addresses the next key problem: that scholars start their research journeys from different places, whether it’s an email from a colleague, a blog post, a Google search, a Tweet or elsewhere. Universal CASA allows researchers to click through to legitimate, authorised content, without having to start at Google Scholar. And, in this age of increasing piracy, now researchers can more easily get legal access, so they can use Sci-Hub as a work around to off-campus barriers. In addition to CASA and Universal

scholarly communications is heading to a similar barrier-free, streamlined access to resources.

Tell us about Universal CASA and your collaboration with Google Scholar... Originally, with IP-based authentication, researchers were limited to accessing scholarly content on-campus, meaning the literature-review portion of their workflow was restricted. Many libraries added proxy servers, and some campuses eventually added VPNs, to offer a way for off-campus users to get access to subscribed resources; using proxy servers often took several steps, and you needed to first find the documentation unless you used the proxy regularly. However, as researchers are becoming increasingly mobile, they expect to access content any time, anywhere, from any device and any source, with a seamless, hurdle-free path. Researchers, librarians and publishers are in agreement that more access is good. HighWire and Google have been in

collaboration for well over a decade. Our long-standing relationship means that we are constantly building out and brainstorming new ideas to extend the reach, impact and exchange of scholarly knowledge. Two years ago, I presented my talk on ‘Friction in the Workflow’ to | @researchinfo

the Google Scholar team. One of the friction points I addressed was ‘off- campus access’, which highlights that gaining access to a version of record requires following a process every time and sometimes multiple times, to use a campus or employer’s proxy server. Google Scholar’s co-founder Anurag Acharya pointed to this friction and said they might be able to help. From then, HighWire collaborated with Google Scholar to introduce ‘Campus Activated Subscriber Access’ (CASA) functionality as the first step in addressing that challenge. CASA allows researchers to access subscribed content off-campus in the same way they would on-campus. CASA remembers which subscriptions a researcher has access to and makes it easy for them to seamlessly access these subscriptions when they are off-campus. I would estimate researchers carry out perhaps a third of their literature-review work away from campus – and since Google Scholar notes that the use of CASA rises on the weekends, it’s likely that those ‘off-campus’ hours in the evenings and the weekends are literature-study times for many scholars. After introducing CASA in late 2017,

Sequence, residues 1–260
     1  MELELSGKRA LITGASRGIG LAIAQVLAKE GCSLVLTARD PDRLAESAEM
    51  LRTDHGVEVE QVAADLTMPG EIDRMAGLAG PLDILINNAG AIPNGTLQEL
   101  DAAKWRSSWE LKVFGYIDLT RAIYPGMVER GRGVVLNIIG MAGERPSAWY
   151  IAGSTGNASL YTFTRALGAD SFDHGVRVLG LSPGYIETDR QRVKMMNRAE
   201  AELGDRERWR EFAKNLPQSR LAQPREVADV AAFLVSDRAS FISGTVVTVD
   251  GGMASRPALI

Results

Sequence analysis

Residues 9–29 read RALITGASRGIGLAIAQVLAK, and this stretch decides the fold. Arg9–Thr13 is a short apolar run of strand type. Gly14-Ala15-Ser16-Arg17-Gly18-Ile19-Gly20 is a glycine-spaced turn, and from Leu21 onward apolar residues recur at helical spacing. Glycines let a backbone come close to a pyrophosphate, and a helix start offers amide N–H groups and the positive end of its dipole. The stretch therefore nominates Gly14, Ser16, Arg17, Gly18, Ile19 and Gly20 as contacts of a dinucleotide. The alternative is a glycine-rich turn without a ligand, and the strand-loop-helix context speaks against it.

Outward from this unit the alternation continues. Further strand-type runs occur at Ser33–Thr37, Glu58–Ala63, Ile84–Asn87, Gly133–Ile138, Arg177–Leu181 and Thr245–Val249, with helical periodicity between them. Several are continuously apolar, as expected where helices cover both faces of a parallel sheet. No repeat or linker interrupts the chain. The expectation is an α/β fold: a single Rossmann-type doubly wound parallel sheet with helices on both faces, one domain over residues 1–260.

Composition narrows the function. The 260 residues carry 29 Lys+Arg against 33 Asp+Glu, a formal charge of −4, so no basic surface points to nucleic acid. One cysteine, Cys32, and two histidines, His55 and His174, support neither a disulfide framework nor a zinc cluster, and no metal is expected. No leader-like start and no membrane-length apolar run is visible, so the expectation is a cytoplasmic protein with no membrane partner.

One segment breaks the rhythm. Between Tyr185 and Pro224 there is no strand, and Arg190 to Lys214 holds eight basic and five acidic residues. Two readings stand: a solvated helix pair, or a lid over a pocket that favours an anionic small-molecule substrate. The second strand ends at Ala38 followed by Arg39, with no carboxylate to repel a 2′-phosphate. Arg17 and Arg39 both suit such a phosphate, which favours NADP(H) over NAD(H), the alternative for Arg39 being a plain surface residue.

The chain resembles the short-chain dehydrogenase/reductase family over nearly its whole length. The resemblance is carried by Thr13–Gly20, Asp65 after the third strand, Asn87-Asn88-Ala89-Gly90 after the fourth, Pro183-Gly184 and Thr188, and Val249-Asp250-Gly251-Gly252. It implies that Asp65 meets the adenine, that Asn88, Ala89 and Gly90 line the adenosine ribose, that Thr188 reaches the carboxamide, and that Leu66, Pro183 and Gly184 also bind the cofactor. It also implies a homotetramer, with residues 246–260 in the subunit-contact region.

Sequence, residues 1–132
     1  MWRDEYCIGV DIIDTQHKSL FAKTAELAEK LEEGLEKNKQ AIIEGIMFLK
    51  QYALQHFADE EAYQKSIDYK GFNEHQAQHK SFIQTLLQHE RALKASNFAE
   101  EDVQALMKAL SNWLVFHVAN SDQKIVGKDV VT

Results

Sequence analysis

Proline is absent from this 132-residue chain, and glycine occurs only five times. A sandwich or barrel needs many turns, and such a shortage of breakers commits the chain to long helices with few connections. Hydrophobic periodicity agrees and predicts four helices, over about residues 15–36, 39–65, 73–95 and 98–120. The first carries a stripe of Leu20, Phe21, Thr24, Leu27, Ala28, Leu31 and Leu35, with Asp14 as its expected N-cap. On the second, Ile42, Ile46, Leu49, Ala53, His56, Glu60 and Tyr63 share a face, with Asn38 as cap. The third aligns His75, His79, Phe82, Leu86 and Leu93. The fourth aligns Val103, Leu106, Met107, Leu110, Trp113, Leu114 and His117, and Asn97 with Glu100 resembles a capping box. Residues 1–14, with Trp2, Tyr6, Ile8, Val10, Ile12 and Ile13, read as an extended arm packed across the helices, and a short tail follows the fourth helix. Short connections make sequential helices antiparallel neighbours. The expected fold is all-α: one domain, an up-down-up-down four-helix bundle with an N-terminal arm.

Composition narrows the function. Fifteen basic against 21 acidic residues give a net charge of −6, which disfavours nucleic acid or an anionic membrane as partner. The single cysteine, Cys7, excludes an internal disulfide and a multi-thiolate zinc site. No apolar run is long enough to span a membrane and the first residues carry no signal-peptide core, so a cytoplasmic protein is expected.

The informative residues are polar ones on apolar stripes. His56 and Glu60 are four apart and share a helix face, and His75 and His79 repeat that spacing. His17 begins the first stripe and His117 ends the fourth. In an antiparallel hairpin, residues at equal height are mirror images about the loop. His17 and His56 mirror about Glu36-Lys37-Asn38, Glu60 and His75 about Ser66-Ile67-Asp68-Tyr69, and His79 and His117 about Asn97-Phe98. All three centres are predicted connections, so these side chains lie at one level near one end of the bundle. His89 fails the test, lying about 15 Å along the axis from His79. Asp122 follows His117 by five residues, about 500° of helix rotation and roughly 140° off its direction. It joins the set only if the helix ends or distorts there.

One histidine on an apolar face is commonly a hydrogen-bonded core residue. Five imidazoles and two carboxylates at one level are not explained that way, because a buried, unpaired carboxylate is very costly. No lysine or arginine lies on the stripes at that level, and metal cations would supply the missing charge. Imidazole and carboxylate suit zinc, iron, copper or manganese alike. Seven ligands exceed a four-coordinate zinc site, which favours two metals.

the next step was introducing the recently launched Universal CASA, which

CASA, over the last year, HighWire also collaborated with Google to roll out Quick Abstracts, which optimises mobile Google Scholar to speed up mobile research workflow by loading article abstracts at fast speeds so researchers can quickly scan, swipe and discover the correct scholarly resource remotely and on the go, gain awareness of what an item is about, and mark items for later detailed study. There are a couple of tools and services that the industry is working on now to help with the particular problem of smoothing off-campus access. Of course, for years we have had Open Athens and before that we had proxy servers (some of which are older than the students they serve). However, tools like CASA, RA21, Unpaywall and Kopernio work differently and each has its place in a researcher’s workflow. Acting as the Spotify of the Scholarly Research industry, CASA and Universal CASA work with and complement these other tools to provide streamlined, legal access to resources through different avenues – essentially creating multiple paths to the same destination.

What is the biggest challenge facing scholarly researchers and the industry? The biggest challenge for STEM researchers is probably grants and funding, especially for younger researchers. Looking specifically at the scholarly communication aspect of research, challenges include: • Keeping up with the work of others in their field – alerts and profile based alerting help address this;

• Getting their own work in front of the right community of readers – pre-prints help address this; and

• Wasting time in the publishing workflow, in the form of submitting and re- submitting, reviewing and re-reviewing, revising and re-revising, different standards for formatting, for COI, etc. – MECA and other tools for manuscript transfer help address this.

Interview by Tim Gillett

August/September 2018 Research Information 17

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